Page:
Unlike Samsung’s stylus-packing Note line, there’s absolutely no reason for the HTC One to have been blown up to One Max-sized proportions. HTC has made little attempt to utilise the extra screen real estate here — even HTC’s stylus accessory looks set to only be ranged in Asian territories. Even if it did come packed in, there are no notable “bigger screen” app experiences, like a split-screen dual-app view, that could benefit from it. It’s just a big smartphone, and it’ll be up to you if that’s really enough.
HTC has compromised the overall quality of the build by offering a removable backplate, giving you access to the SIM-tray and microSD card slots, which could easily have been housed elsewhere. And yet, it doesn’t give you access to the battery pack. What gives? That’s pretty much the only reason we’d ever want a removeable back casing. HTC will be looking to push a battery-expanding case alongside the HTC One Max, which may go someway towards explaining this.
– Aside from the aforementioned recognition problems with the fingerprint scanner, there are a few other issues with it we encountered. Firstly, having to swipe across it vertically (when you’re attempting to hold the phone in one hand) requires an uncomfortable claw-like grip that could easily have been solved with a horizontal swipe or steady press. Secondly, it’s such a dumb decision to place it directly beneath the camera unit — unless you’re looking at the fingerprint sensor as you’re using it, you’re bound to get prints all over the lens.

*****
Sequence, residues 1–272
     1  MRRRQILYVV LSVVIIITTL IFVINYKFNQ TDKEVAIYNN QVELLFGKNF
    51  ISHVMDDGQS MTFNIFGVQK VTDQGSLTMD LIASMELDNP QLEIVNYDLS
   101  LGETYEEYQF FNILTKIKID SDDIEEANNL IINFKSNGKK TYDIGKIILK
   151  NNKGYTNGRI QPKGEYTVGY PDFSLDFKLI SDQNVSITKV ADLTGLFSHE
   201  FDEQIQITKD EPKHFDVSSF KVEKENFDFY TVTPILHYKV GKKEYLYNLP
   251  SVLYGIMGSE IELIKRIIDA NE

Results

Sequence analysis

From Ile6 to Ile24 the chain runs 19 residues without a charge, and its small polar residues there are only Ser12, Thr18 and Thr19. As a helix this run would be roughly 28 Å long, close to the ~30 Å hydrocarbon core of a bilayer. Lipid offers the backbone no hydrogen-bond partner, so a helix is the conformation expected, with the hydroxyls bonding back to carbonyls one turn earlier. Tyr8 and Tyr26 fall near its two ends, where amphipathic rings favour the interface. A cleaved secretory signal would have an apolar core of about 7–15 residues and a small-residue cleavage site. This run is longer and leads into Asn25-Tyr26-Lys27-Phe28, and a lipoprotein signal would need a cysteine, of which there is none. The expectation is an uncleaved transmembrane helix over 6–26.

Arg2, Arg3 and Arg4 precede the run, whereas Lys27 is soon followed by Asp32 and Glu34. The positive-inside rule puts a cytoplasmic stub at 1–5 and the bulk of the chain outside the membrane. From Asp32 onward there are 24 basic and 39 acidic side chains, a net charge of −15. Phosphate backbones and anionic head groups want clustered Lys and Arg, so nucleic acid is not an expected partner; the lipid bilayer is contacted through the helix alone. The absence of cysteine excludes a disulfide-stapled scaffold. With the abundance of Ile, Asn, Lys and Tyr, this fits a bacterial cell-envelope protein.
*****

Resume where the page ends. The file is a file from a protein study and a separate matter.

– Despite stretching the 1080p resolution out over a wider area, the HTC One Max screen is still a beauty, remaining more than sharp enough. It’s great for watching videos on and, in one of the rare moments when I felt I could truly appreciate the size, it’s great for gaming — particularly with action games where many onscreen touchscreen buttons could otherwise feel bunched up.
– The BOOOOOOOMSound speakers are worthy of the name. Incredibly loud, they manage to output clear sound at impressive volume levels, with the extra width of the phone adding to the stereo effect. They’re still largely bereft of bass, but wipe the floor with other smartphone speakers.
– The HTC Transfer Tool app for Android is amazing, particularly if you’re jumping from one HTC phone to another. Transferring content over Wi-Fi, I had everything I needed from my personal HTC One X phone moved over onto the One Max within minutes, incredibly painlessly. Restoring from HTC’s web-based cloud back-up service is just as easy.